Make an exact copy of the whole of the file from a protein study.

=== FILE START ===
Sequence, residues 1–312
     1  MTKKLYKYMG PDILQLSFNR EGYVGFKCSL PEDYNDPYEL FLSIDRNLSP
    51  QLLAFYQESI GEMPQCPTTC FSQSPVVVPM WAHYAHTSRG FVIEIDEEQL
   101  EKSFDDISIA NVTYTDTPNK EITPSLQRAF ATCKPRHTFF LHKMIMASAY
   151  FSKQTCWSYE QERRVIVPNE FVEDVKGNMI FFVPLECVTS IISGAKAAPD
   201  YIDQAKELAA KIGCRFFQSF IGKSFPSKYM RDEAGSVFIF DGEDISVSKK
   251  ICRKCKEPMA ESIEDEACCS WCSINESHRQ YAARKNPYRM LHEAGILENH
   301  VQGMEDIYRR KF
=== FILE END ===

Sequence, residues 1–312
     1  MTKKLYKYMG PDILQLSFNR EGYVGFKCSL PEDYNDPYEL FLSIDRNLSP
    51  QLLAFYQESI GEMPQCPTTC FSQSPVVVPM WAHYAHTSRG FVIEIDEEQL
   101  EKSFDDISIA NVTYTDTPNK EITPSLQRAF ATCKPRHTFF LHKMIMASAY
   151  FSKQTCWSYE QERRVIVPNE FVEDVKGNMI FFVPLECVTS IISGAKAAPD
   201  YIDQAKELAA KIGCRFFQSF IGKSFPSKYM RDEAGSVFIF DGEDISVSKK
   251  ICRKCKEPMA ESIEDEACCS WCSINESHRQ YAARKNPYRM LHEAGILENH
   301  VQGMEDIYRR KF